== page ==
Charley takes me away to Santa Barbara on a romantic getaway. To lighten up my mood, he covers his head with a white sheet and informs tourists that he is a very rich oil sheik and owns the beach on which they walk.

At night, he plays piano for me at the hotel bar then serenades me to sleep playing his Gordalin.

As my eyes close, he whispers I love you and in that moment, I am transported to another realm of existence; one in which I had never visited before.

I will not go into the details of why I finally broke up with Charley. I will just say that he did not take it lightly. You see, Charley was a tortured soul. Self-tortured. He was brilliant, relentless, passionate, introspective, and mad. One night, he left the number of a funeral home on my pager. I guess it was his twisted way of telling me he needed help. 

Charley lived by his impulses.

I lived by my heart.

He wanted to run from his feelings. 

I wanted to understand mine.

So we parted ways and my life went on.

My life became about integrity and honesty, inspiration and dedication.  It became about reaching, arriving, celebrating, wondering, asking, searching, and understanding that ultimately, we don’t know.

Ultimately, we must trust.

Why am I here? What is it I was born to do?

To be?  To contribute?  To learn?

The answers came in the quiet moments between the dawn of a new day and the darkening of the sky. The moments when I stopped and noticed what was going on around me, inside me, inside of someone else.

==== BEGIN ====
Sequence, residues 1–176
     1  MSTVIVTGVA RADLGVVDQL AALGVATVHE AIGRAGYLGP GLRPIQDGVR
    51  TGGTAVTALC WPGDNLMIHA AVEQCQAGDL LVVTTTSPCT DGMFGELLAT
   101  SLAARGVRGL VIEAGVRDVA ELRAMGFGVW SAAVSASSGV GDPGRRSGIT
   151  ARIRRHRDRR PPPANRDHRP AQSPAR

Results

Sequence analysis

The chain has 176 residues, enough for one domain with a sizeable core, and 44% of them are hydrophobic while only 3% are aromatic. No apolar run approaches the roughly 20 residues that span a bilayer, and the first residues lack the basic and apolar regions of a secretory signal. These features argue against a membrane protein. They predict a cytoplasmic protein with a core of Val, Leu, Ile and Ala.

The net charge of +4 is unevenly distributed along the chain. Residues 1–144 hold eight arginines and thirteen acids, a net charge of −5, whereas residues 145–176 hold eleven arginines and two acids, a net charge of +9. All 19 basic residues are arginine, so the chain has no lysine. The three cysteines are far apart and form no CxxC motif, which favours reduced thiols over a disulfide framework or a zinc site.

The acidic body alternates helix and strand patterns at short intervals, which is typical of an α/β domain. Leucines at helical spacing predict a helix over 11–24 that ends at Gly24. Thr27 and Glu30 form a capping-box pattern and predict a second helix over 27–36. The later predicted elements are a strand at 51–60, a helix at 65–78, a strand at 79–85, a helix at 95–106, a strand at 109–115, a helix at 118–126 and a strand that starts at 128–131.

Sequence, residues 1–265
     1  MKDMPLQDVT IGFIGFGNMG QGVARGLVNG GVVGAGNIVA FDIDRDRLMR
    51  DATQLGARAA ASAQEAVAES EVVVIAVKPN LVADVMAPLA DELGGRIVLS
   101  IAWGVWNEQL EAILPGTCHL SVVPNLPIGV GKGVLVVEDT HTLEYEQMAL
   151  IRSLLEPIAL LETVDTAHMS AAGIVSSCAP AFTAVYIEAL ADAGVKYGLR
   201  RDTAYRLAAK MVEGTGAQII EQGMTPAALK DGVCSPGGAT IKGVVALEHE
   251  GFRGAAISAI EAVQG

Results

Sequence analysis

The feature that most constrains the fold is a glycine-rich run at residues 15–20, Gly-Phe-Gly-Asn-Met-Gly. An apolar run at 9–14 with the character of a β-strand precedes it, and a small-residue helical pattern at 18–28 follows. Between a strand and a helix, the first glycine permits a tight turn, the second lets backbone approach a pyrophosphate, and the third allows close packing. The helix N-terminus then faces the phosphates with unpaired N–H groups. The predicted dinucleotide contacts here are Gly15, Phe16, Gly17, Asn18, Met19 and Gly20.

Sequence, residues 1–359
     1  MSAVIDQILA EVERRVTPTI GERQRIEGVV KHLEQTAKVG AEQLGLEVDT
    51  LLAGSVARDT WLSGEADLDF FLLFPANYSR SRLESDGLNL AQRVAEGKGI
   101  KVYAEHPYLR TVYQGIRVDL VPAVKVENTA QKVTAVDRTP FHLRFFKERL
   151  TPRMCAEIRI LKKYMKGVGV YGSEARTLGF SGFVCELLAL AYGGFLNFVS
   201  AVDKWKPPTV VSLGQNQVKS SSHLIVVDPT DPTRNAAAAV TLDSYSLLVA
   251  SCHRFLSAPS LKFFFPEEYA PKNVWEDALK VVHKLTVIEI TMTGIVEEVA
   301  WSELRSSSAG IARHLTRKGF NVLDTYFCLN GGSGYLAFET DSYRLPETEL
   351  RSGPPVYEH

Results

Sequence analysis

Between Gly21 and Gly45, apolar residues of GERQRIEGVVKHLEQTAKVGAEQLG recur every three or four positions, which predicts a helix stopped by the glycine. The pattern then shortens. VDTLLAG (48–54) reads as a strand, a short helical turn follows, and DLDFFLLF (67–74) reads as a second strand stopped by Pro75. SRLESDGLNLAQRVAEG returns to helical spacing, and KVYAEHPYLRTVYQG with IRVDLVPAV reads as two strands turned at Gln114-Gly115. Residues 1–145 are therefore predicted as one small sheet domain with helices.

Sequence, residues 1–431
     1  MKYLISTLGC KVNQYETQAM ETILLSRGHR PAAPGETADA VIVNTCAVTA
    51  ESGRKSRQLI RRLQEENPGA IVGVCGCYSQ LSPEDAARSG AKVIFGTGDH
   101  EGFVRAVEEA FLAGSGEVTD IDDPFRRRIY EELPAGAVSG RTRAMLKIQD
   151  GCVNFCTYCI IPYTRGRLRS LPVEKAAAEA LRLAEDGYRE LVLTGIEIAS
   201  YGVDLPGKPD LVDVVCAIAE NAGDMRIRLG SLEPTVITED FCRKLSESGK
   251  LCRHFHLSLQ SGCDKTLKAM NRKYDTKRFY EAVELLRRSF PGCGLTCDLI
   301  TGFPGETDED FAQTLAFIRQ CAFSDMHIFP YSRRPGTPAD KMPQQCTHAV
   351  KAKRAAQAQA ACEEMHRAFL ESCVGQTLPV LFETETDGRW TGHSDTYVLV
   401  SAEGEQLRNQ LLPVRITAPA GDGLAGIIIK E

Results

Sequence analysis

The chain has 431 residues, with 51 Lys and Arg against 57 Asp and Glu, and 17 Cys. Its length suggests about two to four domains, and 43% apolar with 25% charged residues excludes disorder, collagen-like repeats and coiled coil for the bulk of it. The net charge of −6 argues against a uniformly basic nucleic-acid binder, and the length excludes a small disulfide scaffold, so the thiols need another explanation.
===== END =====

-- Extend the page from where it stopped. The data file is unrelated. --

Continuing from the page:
My relationship with Charley took me to places I had not visited for a long time. It took me to gut-wrenching pain and indescribable ecstasy, infectious laughter, goofiness, energy, exhilaration, introspection, self-destruction, and love... so much love, and pain... so much pain… and happiness. The kind of happiness that lifted me out of bed in the morning with only a few hours sleep and gave me the motivation and desire to go beyond where I’d ever gone before; to live at a level of intensity that most would find uncomfortable.


September 1998

I am walking along Montana Avenue in Santa Monica and a familiar voice shouts out my name. I see Jonathan, Charley’s father, sitting at a café. He asks me to join him.

“I only have a moment,” I tell him.

He looks uncomfortable in my presence.

I ask him how things are going.

He says they’re going well.

“I drove by your apartment two months ago. Charley was sitting outside smoking a cigarette. I was going to stop by and say hello, but I knew Satori, my husband, would not have liked it.

You know how Charley is. He’s not one to keep his hands off a married woman,” I laugh.

“You couldn’t have seen Charley two months ago,” Jonathan says.

“Well, maybe it was three. But I saw him, sitting on that chaise lounge outside the house.”

“No,” he continues, his face turning white. “CHARLEY’S DEAD.”

“Excuse me?” I ask, understanding precisely what he said.

“He committed suicide a year ago.”

I am speechless.